YouTube said it’s banning comments on some videos featuring minors, responding to criticism and the loss of advertisers after the service was used by potential predators to exploit children.
The Google unit, one of the world’s largest video services, disabled comments from tens of millions of videos “that could be subject to predatory behavior” and will continue to identify similar troubling videos in coming months, the company said Thursday in an unsigned blog post.
“We will be broadening this action to suspend comments on videos featuring young minors and videos featuring older minors that could be at risk of attracting predatory behavior,” YouTube added.
Pulling comments from YouTube is a big step. Video creators use the comments section to communicate with viewers, find new ones and get feedback. It’s also a major part of what makes YouTube social.
“It basically destroys the community,” said Jacob Strickling, who makes online videos about science that run on YouTube. He expects it to have a “massive impact” on those videos’ views as fans find themselves unable to communicate with each other through the comments section.
“They will leave YouTube and go to platforms like Facebook where they can continue their commenting and banter.”
YouTube is using an artificial intelligence technique called machine learning to build the software that will automatically select which videos will have comments suspended, a spokeswoman said. Clips that include kids of 13 and younger will have the comments section removed.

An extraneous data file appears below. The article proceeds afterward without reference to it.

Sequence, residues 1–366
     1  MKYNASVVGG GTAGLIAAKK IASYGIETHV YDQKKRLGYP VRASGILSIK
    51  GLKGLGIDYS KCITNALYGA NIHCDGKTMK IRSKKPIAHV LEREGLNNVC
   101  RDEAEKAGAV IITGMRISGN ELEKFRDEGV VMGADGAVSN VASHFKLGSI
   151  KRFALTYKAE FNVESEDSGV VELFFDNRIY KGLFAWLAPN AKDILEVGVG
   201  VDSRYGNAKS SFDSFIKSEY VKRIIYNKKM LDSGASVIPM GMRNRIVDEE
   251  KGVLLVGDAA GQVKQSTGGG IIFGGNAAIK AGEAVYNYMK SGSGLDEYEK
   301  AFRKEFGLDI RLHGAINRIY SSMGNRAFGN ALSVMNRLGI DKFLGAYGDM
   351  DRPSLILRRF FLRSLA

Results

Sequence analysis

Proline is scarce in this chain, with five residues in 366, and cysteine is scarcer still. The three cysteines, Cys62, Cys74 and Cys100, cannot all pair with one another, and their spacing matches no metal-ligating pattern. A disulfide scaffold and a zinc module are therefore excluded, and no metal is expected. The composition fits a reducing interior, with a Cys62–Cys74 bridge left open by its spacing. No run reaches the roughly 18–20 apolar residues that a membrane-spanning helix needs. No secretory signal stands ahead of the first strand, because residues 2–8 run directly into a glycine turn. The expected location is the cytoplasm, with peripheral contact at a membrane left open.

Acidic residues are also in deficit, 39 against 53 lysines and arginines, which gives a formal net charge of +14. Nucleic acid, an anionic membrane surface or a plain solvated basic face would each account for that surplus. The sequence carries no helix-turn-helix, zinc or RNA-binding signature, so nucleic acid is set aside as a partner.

Videos featuring children aged 14 to 17 with subjects with potential for abuse, like gymnastics, will also see their comments disabled.
YouTube has used AI software to classify videos and identify specific content, but the system has had mixed results, including recommending conspiracy theories and other questionable information.
Several large advertisers, including AT&T Inc and Kellogg Co, pulled spending from YouTube last week after comments on the service were used to identify video clips of young girls participating in activities such as posing in front of a mirror and doing gymnastics.
Comments under the videos suggested potential predators were bookmarking certain points and sharing them with others. If users clicked on the clips, YouTube’s software recommended similar ones.
Episodes like this are forcing YouTube to rely less on automation and more on human monitoring and curation. On Thursday, the site said that a small number of creators can keep comments enabled on videos featuring minors only if they actively moderate the comments and “demonstrate a low risk of predatory behavior.”
That will be time consuming and expensive. YouTube’s parent, Google, is a unit of Alphabet Inc.